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Патент USA US2111521

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March 15, 1938.
w. E. WUNDERLICH
2,111,521
STUDIO COUCH
Filed June a, 1956
VIIIIIIIIIIIIIIIIIIIIIIIIIIIIIIIIIIIIIIIIIII
fl,
Patented Mar. 15, 1938
2,111,521
UNITED
ATET OFFICE
2,111,521
STUDIO COUCH
William E. Wunderlich, Muncie, In'd., assignor to
The Moore Company, Muncie, Ind., a corpora
tion of Indiana
Application June 3, 1936, Serial No. 83,253
3 Claims.
My invention relates to an article of furni
ture known as a studio couch.
Such an article
comprises two laterally telescoping sections
which, when telescoped together, form a sofa
or similar article,» but‘ which can be extended to
form a bed-like structure.
My invention relates particularly to the means
employed for locking the two sections of the
studio couch in telescoped relation, and it-is
10 my object to produce a locking means: which
will be simple in construction and which will op
erate positively at all times. A further object
of‘ my invention is to produce a locking mech
anism which, while concealed, has an operating
15 member that will be readily accessible when it is
desired to separate the two sections of the couch.
(C1. 5-55)
upper sectionrof the couch hasv a frame including
front and rear side members I3 and I4, and is
supported on rollers.
The rear side member M
of the upper section is located above the lower
couch~section so that it will not interfere with 5
movement of the upper section when it is with
drawn from the position illustrated in Fig. 1 to
the position illustrated in Fig. 2. The front side
member 13 of the upper section extends down
wardly well below the top of the lower couch 1O
section' to conceal the front thereof.
The front side member II of the lower section
is conveniently L-shaped in cross section and is
a pair of spaced latch members adapted toene
disposed with one'?ange of the L extending
downwardly. The latch mechanism is mounted 15
on the inner face of the side member 13 of the
upper section, and co-operates with the vertical
?ange of the member i I to hold the two sections
together when desired.
The latch mechanism includes two latch mem
bers 15 each of which is L-shaped in horizontal N) 0
plan and has one leg i6 disposed parallel to
gage this ?ange. The latch members are
pivoted on parallel axes and are interconnected
other leg I‘! extendinglrearwardly. The latch
In carrying out my invention, I provide along
the front edge of the lower or normally sta
tionary couch-section an angle iron frame-mem~
her with a downwardly extending ?ange, and
on the upper or movable couch-section I mount
25 by a link which extends horizontally along the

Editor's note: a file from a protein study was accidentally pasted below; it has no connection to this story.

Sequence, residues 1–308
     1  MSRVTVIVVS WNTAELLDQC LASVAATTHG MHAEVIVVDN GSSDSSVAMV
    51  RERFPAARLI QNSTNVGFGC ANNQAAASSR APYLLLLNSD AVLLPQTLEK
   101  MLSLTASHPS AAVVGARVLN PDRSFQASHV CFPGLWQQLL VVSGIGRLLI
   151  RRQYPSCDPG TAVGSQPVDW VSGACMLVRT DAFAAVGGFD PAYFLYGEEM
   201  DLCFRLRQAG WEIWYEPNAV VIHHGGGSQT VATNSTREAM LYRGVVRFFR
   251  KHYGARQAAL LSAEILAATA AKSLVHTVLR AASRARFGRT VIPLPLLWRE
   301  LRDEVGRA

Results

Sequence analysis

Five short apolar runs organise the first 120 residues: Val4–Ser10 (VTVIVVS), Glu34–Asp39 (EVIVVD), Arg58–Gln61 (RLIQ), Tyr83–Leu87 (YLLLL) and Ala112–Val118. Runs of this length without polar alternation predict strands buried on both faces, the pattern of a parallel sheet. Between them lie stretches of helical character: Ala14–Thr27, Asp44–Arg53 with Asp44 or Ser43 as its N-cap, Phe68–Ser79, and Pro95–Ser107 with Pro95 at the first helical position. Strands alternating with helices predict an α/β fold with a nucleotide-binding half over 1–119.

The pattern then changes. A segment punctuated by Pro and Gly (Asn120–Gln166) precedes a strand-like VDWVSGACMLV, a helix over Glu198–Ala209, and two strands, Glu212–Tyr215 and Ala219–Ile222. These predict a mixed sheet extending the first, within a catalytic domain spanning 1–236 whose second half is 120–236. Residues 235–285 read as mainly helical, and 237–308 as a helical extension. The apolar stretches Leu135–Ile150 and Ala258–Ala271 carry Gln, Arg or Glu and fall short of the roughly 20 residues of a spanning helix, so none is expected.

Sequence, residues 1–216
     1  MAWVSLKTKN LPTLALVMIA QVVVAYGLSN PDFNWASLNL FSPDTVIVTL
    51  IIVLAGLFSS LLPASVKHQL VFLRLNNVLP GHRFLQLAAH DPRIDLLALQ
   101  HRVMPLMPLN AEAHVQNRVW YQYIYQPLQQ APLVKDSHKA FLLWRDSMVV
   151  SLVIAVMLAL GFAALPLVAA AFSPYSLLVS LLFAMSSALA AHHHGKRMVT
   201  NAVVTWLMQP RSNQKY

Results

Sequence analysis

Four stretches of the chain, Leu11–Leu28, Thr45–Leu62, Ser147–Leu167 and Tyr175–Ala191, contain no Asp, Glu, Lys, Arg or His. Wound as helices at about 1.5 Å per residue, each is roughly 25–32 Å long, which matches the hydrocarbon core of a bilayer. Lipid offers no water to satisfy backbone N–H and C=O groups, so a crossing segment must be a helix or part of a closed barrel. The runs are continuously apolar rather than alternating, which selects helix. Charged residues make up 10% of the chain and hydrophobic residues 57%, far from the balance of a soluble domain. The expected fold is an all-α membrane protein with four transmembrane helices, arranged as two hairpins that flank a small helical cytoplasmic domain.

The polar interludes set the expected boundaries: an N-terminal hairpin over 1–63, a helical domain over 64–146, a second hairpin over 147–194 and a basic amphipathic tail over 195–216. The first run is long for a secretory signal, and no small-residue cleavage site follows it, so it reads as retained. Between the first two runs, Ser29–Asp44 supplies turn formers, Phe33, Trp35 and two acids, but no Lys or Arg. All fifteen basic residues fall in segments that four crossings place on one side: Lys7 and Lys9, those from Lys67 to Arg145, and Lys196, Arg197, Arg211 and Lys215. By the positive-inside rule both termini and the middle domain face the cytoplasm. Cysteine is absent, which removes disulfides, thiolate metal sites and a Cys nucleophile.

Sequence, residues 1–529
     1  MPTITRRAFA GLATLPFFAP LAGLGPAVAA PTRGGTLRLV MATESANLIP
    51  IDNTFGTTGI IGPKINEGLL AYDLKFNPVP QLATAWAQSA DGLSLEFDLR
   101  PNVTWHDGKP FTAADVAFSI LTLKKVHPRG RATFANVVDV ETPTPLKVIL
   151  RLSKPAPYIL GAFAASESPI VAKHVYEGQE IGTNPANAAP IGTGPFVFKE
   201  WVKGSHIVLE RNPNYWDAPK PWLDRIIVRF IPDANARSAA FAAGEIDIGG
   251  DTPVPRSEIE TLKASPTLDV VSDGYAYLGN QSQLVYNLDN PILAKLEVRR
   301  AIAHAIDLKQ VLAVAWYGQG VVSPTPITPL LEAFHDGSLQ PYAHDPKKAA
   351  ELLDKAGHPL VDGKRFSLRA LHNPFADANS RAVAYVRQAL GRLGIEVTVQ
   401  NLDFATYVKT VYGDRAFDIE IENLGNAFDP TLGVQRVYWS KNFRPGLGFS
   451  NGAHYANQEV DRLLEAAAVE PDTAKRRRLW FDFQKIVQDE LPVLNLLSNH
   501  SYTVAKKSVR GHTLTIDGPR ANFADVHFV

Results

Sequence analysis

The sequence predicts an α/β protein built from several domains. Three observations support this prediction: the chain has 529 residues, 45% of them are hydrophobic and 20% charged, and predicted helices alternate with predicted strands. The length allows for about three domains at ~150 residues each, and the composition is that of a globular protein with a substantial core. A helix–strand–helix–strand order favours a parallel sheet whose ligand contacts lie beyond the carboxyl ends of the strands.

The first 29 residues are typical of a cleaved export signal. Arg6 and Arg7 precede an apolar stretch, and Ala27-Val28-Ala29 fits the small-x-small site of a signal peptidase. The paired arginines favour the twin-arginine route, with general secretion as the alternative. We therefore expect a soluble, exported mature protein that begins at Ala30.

inner face of the front of the frame of the mov
' able couch-section but which is spaced from such
front in order that it maybe engaged at any
point along its length by the hand of the op
erator. The link referred to is pivotally cone
nected to- each of the latch members at a point
such that its weight will tend to‘ cause the latch
members to swing into locking‘ position; and
preferably the link extends through slots in the
35 latch members to limit the extent to which they
can swing about their respective pivotal axes.
The accompanying drawing illustrates my in
vention: Fig. 1 is an end elevation of a. studio
the inner face of the side member 13 and the
members are pivotally mounted with respect to
the side member 13 as by being secured through
the means of pivot pins 18 to attachment plates
H3. The pins 18 are spaced fromv the respective
legs I1’ and extend through the legs 16 near the
top‘ thereof and into the attachment plates which
in turn are secured against the inner face of the
member l3 by screws 20.
The leg I‘! of each latch member is provided
with an upwardly opening notch 25 of a width
somewhat greater than the thickness of the ver- 3
tical flange of the side member‘ H on the sta
tionary couch-section. Beyond the notch 2|, the
upper portion of each leg I1 is cut away to form
couch with the two sections telescoped together
a nose 22 so that the outer wall of the notch 2i
40 and with parts thereof broken away to illustrate
the construction more clearly; Fig. 2 is a view
terminates materially below the upper end of the
similar to Fig. 1, but showing the sections ex—
tended; Fig. 3 is an isometric view of the inner
inner wall.
The upper outer corner of the nose
22 is cut off to form an oblique cam-surface 23
which extends downwardly to a point lower than
face of the front frame member of the upper or the bottom edge of the side member it when the
45 movable couch-section; Fig. 4 is a vertical sec
latch member is disposed with the leg ll vertical.
tion on the line 4-4 of Fig. 5 illustrating details
The two latch members 15 are interconnected
of the latch mechanism; Fig. 5 is a vertical sec
by a link 30 which is pivotally attached to the leg
tion on the line 5—-5 of Fig. 4 showing one of
iii of each of them at a point on the opposite side
the latches in engaged position; and Fig. 6 is a of the axis of the associated pin 18 from the leg
50 View similar to Fig. 5 illustrating the latch in dis
ll of the latch member. The leg ll of each latch
engaged position.
member is slotted, as indicated at 32 for the pas